Grandma Moses / by Jason Alden

Point of view is what we first encounter when we see a painting. Where are we? Where were we placed by the painter? Do we share the same vantage point as the artist? Most often, yes.

Mother and Child (Alice and Olivia) 1967, Alice Neel

Mother and Child (Alice and Olivia) 1967, Alice Neel

The Breakfast Room 1931 Pierre Bonnard

The Breakfast Room 1931 Pierre Bonnard

..but sometimes, no.

A Young Painter in His Studio, 1629, Rembrandt

A Young Painter in His Studio, 1629, Rembrandt

When I draw with others, I often place my viewpoint behind and a bit above, to see us drawing together. In this way I can free the drawing to include more than what my physical eyes can see. It also allows me to imagine how we might look to another.

The expanded, elevated viewpoint has been used throughout art history to hold weddings, politics, nature, war, community.

For Grandma Moses, it held memory.

Get Out the Sleigh 1960

Get Out the Sleigh 1960

I had known about Grandma Moses peripherally while growing up. She was tucked into all kinds of places: calendars, postcards, waiting room prints, ubiquitous and undemanding. I didn’t pay her paintings much mind until 10 years ago at River Gallery School when I saw a big book of hers on the shelf. It was the definitive volume by Otto Kallir, the pioneering art dealer who first brought Anna’s work to the public through his Galerie St Etienne in New York City. I was impressed by her directness with paint, the diversity of shape, color and pattern and her natural intelligence for organizing a picture. She had found a way to paint that was straightforward, absorbing and lively. People could learn from her. I often shared her paintings with students as a way to say, “Maybe this doesn’t have to be so difficult!”

For This Is the Fall of the Year, date?

For This Is the Fall of the Year, date?

Anna Mary Robertson was born in 1860 in Greenwich, New York, a year before Abraham Lincoln became President. She loved her childhood, playing with her brothers and sisters around her parents’ farm, learning sewing from her mother and making small landscapes with pressed grape and berry juice. Her life was long, with many responsibilities and it wasn’t until 1935 that Anna began to paint in earnest. She had been working from the age of 12, cooking, farming, cleaning and raising children with her husband Thomas Salmon Moses. “I had always wanted to paint” she said. “ I just didn’t have time until now.” She was 75 and arthritis had made the physical work of the farm impossible and her needlework (“worsted”) pictures were increasingly difficult. Her husband had passed away and she lived with her daughter and grandchildren. Oil painting became an obvious and enjoyable choice and she wasted no time about it.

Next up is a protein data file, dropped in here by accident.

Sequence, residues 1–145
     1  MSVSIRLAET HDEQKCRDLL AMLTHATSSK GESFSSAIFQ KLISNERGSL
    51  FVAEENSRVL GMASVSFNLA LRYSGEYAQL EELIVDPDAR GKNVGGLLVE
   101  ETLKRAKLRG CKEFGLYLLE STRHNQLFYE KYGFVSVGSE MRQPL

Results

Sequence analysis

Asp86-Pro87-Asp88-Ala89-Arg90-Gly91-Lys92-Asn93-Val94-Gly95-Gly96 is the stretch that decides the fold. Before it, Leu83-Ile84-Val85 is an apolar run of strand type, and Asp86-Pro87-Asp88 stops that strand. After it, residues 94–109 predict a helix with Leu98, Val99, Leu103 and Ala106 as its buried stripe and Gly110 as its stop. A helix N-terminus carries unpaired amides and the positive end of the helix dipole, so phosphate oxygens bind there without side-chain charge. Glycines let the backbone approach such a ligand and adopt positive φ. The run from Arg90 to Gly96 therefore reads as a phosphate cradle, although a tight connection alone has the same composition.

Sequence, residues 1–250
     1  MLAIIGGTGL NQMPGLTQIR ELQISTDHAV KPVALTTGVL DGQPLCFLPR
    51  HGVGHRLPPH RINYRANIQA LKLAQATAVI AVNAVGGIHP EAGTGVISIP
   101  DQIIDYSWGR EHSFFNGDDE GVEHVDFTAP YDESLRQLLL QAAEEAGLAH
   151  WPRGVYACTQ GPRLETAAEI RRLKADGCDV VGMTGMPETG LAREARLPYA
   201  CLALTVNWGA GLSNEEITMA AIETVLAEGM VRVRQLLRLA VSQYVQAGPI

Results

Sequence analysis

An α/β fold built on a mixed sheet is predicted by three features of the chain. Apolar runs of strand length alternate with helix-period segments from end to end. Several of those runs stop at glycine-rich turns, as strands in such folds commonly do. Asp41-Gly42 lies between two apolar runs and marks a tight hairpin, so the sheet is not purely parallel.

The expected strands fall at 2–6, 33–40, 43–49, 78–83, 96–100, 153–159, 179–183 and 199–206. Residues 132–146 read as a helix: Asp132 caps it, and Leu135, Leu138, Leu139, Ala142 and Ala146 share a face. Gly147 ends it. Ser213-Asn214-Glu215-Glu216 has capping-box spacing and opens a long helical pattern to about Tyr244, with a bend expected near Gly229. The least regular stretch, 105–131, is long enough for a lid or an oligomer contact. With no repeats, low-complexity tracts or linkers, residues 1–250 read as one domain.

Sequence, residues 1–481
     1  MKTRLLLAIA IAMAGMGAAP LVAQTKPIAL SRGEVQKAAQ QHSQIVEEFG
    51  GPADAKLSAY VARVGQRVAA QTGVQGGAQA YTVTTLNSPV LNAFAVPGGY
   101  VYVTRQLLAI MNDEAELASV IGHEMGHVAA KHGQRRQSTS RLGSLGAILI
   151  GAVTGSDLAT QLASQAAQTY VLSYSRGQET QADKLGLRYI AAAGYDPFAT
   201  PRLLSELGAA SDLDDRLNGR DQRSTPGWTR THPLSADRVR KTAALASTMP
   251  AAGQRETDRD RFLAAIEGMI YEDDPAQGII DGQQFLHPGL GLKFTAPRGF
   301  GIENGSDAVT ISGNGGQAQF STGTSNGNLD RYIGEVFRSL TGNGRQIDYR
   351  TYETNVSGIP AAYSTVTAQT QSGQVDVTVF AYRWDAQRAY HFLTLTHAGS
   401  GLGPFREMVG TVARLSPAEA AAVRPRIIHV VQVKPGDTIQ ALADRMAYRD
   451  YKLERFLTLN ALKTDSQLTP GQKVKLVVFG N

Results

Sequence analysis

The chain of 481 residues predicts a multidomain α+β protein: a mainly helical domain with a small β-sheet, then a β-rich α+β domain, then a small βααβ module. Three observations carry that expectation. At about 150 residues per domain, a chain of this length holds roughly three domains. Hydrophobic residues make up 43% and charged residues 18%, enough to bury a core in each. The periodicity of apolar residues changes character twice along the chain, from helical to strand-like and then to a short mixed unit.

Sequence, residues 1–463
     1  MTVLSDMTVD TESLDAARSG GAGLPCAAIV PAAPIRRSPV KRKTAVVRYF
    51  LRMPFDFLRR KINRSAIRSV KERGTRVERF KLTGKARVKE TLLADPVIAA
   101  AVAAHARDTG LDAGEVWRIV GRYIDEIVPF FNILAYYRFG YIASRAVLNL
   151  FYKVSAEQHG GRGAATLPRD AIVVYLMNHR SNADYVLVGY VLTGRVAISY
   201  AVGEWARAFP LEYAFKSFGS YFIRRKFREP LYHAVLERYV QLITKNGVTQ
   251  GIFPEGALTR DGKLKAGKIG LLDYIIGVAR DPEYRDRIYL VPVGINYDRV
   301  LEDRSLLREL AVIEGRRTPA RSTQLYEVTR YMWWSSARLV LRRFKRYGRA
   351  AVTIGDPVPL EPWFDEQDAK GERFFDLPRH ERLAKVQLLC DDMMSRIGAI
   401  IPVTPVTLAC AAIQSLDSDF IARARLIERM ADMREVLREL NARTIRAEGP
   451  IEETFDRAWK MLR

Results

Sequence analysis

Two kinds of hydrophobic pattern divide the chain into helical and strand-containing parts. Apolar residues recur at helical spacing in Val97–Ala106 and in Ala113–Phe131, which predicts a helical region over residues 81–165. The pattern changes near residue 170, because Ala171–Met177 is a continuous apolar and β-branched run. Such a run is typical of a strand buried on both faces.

Grandpa’s House, 1951

Grandpa’s House, 1951

“I paint down,” she said. “ From the sky, then the mountains, then the hills, then the houses, then the cattle, then the people.” She painted what she loved to remember and her technique ran behind, stumbled and played alongside her vision. Grandma Moses paintings called into question technique itself. What was technique if not the willingness to paint directly and with attention to the character of things?

The scenes in Grandma Moses’ paintings are large, friendly and strangely impersonal. The people are characterized by activity more than by personal identity. There is a diffusion of care across the surface with all parts being equally attended to. This may have been an inheritance from her “worsted” needlework pictures where every aspect of the picture, from a tree to a fence to a patch of cloud, had to be depicted with the same loop by loop effort.

Mt Nebo on the Hill

Mt Nebo on the Hill

This broad and equal view also feels knit into the difficulties and uncertainties of rural life in the 1900’s. This was before antibiotics and death would frequently visit families and communities. Five of Anna Mary’s ten children did not survive past infancy. Well being was directly tied to physical labor and the vicissitudes of weather and crops. Perhaps a dispersal of care was a psychological necessity to help manage the hardship and grief of life.

The Oaken Bucket

The Oaken Bucket

Grandma Moses was purposeful in her optimism. There is a happy industry in her pictures with no difference in tone between work and play. Large skies provide space for mountains and hills. Their shapes are shared and firmed up into houses and barns, settled and watchful, like grandparents. The people are simple and engaged with their work and with each other.

Grandma Moses Childhood Home, 1946

Grandma Moses Childhood Home, 1946

Her paintings are cleared of strife or the unknown. When asked in her interview with Edward R Murrow why, if she was a religious person, she didn’t paint about the Bible or God she replied, “I think we should paint what we know and not paint what we don’t know about. We shouldn’t paint about guesswork.” In this way, Grandma Moses was a traditionalist and not a seeker. Her hundreds of paintings were distillations of generational values, shored up against the telephone wires, motor cars and looming industrialization of the 20th century. She was a wonderful artist. If she had chosen to also weave the difficulty of the world into the innocence of these tableaus, she may have become brilliant. Grandma Moses died in 1961 at the age of 101 in Hoosick falls, NY. She was perhaps the most well known American painter of her time. Governor Rockefeller declared September 7th to be Grandma Moses Day.

Rainbow, 1961 Grandma Moses’ last painting

Rainbow, 1961 Grandma Moses’ last painting